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Mixed result for Pundit to be confirmed USDA science chief
 

WASHINGTON, D.C. — Nearly two dozen of the nation’s top farm groups have come out in support for the White House nomination of a non-scientist to the top science post at the USDA, while a coalition of 54 farming, food and consumer organizations are urging the Senate to oppose the appointment of Sam Clovis as the agency’s Undersecretary for Research, Education and Economics.

Clovis, a former Iowa college professor and conservative radio host, has received support from 22 industry groups, including the American Farm Bureau Federation (AFB) and the National Corn Growers Assoc. (NCGA), which have sent a letter to Senate Agriculture Committee leaders urging support.

The letter, sent to Sens. Pat Roberts, (R-Kan.) committee chair, and Debbie Stabenow, (D-Mich.) ranking member, calls for a swift confirmation process. A committee spokesperson said no confirmation hearing date has been set, as they are still waiting for Clovis’ paperwork.

“As you know, we are strong proponents of our premier agriculture research and education system in this country,” the letter said. “It is the backbone for the productivity on our farms and ranches across the country. We believe Dr. Clovis shares this passion and will work with you.

“Some have suggested that Dr. Clovis is not qualified for this position due to his lack of hands-on-science and research experience,” the letter added. “We do not share this point of view. The U.S. Department of Agriculture already employs some of the finest and most dedicated scientists in the world. They do not need a peer. They need someone to champion their work before the administration, the Congress and all consumers around the world.”

The letter was signed by the American Soybean Assoc., National Barley Growers Assoc., National Cattlemen’s Beef Assoc., National Cotton Council, the NCGA, National Council of Farmer Cooperatives, National Grange, National Milk Producers Federation, National Pork Producers Council, National Potato Council, National Sorghum Producers, National Sunflower Assoc., Southern Peanut Farmers Federation, Southwest Council of Agri-Business, the AFB, United Egg Producers, USA Dry Pea and Lentil Council, U.S. Apple Assoc., USA Rice Federation, U.S. Canola Assoc., U.S. Dry Bean Assoc. and the Western Growers Assoc.

USDA Secretary Sonny Perdue said, “Dr. Clovis was one of the first people through the door at USDA in January and has become a trusted advisor and steady hand as we continue to work for the people of agriculture. He looks at every problem with a critical eye.”

The nomination of Clovis has drawn close scrutiny for a science post that ranks among “the most critical” science and technology positions in the federal government, as cited in a 2008 report by the National Academy of Sciences.

According to an analysis by the Washington Post, Clovis is only the 11th nominee to be named to fill 45 of the top Senate-confirmed science jobs across the federal government in this administration. Clovis’ presumptive USDA $3 billion portfolio oversees the critical Agricultural Research Service, the Economic Research Service, the National Agricultural Statistics Service and the National Institute of Food and Agriculture.

As the under secretary, the post also serves as the USDA’s chief scientist, which according to the 2008 farm bill specifies that appointees to the post should be selected “from among distinguished scientists with specialized training or significant experience in agricultural research, education and economics.”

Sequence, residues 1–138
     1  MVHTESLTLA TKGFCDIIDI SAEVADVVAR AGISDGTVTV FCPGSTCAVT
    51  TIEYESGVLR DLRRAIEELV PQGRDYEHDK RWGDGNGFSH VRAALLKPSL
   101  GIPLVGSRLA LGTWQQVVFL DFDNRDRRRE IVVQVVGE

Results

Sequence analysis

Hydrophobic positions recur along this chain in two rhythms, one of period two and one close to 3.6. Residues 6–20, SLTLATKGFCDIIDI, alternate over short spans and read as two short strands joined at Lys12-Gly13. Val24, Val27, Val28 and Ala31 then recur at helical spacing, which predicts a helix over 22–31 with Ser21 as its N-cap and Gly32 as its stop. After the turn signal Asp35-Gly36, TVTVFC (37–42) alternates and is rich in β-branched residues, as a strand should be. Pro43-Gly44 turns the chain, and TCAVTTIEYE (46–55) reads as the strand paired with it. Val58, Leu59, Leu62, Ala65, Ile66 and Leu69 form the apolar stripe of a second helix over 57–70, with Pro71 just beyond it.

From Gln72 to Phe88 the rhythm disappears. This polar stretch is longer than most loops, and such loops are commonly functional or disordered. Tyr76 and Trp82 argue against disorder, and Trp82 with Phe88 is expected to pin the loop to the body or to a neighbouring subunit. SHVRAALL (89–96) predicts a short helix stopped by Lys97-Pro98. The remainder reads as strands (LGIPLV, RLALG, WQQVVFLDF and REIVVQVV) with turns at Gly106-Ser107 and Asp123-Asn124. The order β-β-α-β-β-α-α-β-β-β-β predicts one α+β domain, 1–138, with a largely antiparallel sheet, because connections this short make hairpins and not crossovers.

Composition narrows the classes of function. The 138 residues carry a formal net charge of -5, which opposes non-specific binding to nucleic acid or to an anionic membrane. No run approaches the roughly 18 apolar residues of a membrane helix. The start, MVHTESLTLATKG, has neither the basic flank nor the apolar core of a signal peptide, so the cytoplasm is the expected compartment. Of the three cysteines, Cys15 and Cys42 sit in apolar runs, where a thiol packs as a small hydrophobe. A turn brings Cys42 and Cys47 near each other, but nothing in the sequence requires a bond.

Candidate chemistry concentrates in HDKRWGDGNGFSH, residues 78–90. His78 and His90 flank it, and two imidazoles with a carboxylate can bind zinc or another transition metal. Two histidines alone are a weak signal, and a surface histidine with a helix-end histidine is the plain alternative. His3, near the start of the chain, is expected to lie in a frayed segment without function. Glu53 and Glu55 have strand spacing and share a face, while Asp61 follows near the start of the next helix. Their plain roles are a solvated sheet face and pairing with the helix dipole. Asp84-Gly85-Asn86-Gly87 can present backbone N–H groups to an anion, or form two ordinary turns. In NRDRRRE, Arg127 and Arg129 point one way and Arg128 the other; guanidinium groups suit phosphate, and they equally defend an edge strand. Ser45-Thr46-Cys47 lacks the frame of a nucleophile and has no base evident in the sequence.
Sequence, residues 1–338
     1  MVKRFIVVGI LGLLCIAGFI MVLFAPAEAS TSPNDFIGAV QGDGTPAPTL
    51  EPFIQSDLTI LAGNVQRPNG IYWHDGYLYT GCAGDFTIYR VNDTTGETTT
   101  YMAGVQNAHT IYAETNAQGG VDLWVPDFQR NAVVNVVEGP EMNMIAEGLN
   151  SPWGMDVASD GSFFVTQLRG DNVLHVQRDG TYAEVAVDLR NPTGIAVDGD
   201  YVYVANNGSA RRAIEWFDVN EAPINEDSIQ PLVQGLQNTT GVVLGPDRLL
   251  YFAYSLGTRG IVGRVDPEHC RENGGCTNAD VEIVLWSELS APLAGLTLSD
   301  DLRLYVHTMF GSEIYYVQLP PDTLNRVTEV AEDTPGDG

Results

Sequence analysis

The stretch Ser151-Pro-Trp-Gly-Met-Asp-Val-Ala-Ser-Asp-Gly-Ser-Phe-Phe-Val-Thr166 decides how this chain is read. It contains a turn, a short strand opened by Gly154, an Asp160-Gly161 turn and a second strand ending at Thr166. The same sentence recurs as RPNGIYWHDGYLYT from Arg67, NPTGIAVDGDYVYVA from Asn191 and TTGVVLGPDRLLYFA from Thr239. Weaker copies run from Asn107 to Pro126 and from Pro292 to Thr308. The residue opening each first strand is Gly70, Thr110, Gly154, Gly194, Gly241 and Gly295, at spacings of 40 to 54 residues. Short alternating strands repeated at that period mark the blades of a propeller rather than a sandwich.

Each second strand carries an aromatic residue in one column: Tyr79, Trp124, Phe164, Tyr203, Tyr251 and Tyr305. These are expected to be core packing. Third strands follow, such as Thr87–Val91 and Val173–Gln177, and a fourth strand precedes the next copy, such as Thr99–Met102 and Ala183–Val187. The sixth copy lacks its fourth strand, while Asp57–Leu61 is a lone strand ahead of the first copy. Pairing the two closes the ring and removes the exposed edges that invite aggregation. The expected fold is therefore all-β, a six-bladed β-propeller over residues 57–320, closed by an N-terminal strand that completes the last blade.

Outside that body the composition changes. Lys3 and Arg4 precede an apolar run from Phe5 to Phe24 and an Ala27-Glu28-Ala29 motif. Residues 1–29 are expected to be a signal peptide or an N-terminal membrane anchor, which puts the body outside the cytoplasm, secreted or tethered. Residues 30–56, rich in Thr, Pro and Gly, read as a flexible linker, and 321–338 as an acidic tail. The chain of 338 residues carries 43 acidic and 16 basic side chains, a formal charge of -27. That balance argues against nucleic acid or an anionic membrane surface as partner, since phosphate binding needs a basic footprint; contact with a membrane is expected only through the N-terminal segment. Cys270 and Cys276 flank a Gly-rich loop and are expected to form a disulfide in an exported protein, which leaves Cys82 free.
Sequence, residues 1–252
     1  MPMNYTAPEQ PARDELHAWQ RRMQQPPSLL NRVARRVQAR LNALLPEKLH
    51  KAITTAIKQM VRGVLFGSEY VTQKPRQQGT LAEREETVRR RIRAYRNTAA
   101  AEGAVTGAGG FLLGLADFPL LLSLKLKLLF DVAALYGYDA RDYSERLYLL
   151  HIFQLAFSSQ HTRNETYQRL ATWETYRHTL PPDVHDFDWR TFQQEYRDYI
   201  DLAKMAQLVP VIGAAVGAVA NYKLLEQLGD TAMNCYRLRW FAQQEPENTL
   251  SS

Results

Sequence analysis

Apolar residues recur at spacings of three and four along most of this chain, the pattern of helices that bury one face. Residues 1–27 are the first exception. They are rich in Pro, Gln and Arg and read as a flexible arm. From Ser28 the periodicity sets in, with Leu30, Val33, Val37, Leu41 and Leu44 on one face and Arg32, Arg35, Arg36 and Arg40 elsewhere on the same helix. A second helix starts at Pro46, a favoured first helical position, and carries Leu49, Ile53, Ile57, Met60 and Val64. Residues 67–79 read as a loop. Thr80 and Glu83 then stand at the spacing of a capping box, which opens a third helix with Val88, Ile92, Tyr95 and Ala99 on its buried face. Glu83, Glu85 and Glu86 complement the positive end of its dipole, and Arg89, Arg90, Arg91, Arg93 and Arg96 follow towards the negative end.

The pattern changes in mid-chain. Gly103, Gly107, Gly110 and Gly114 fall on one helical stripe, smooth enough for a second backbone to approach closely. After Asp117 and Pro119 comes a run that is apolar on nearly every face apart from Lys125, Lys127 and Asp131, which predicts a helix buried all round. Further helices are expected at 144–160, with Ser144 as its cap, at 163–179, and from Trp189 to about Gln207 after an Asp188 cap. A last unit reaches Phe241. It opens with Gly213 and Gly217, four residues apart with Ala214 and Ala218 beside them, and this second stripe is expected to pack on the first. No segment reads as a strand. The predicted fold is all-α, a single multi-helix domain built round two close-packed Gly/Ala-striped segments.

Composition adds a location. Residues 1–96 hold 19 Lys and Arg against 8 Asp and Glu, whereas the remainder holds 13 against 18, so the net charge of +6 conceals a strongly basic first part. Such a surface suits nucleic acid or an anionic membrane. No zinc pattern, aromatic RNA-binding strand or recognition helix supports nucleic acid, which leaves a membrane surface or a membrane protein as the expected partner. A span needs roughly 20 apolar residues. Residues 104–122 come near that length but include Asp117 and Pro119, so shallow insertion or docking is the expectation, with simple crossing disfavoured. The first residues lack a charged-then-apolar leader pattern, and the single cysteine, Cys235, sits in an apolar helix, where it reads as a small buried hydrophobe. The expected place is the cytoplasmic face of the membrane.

Clovis’ résumé shows he holds a B.S. in political science from the Air Force Academy, served 25 years in the Air Force including time as a fighter pilot and holds an MBA and a doctorate in public administration. He also taught economics and business at Morningside College, a small liberal arts school in Sioux City, Iowa.

Since his nomination in July, opposition to Clovis has been growing steadily. Several media outlets have reported on a controversial 2014 interview he gave with Iowa Public Radio, when he said he was “extremely skeptical” about climate change.

He told listeners “a lot of the science is junk science. It’s not proven: I don’t think there’s any substantive information available to me that doesn’t raise as many questions as it does answers. So I’m a skeptic.”

Late last month a diverse coalition of 54 farming, food, consumer and environmental organizations and others called on the Senate to reject Clovis, calling his nomination “a direct attack on science and our food and farm system.”

In a letter to senators opposing the nomination, the groups – including Friends of the Earth, ActionAid USA, the National Family Farm Coalition, Patagonia and the Sierra Club – said he “lacks the formal training in the hard sciences and expertise in food and agriculture policy” to serve in the USDA post.

“Clovis’ nomination is an affront to America’s farmers and citizens who deserve a healthy resilient food system,” said Kendra Klein, staff scientist at Friends of the Earth.

Additionally, the Food Policy Action (FPA) organization has a launched an online petition calling on the Senate to block the nomination. The petition is being distributed to FPA’s nationwide network of activists, advocates, farmers, chefs and restaurateurs.

“Sam Clovis has no business being nominated, let alone voted on, as a USDA’s chief scientists,” the petition states. “His complete lack of science experience and disturbing views make him wholly unqualified and unfit for this critically important position at USDA. Clovis’ only connection to food and agriculture seems to be that he grew up in Iowa.”

9/22/2017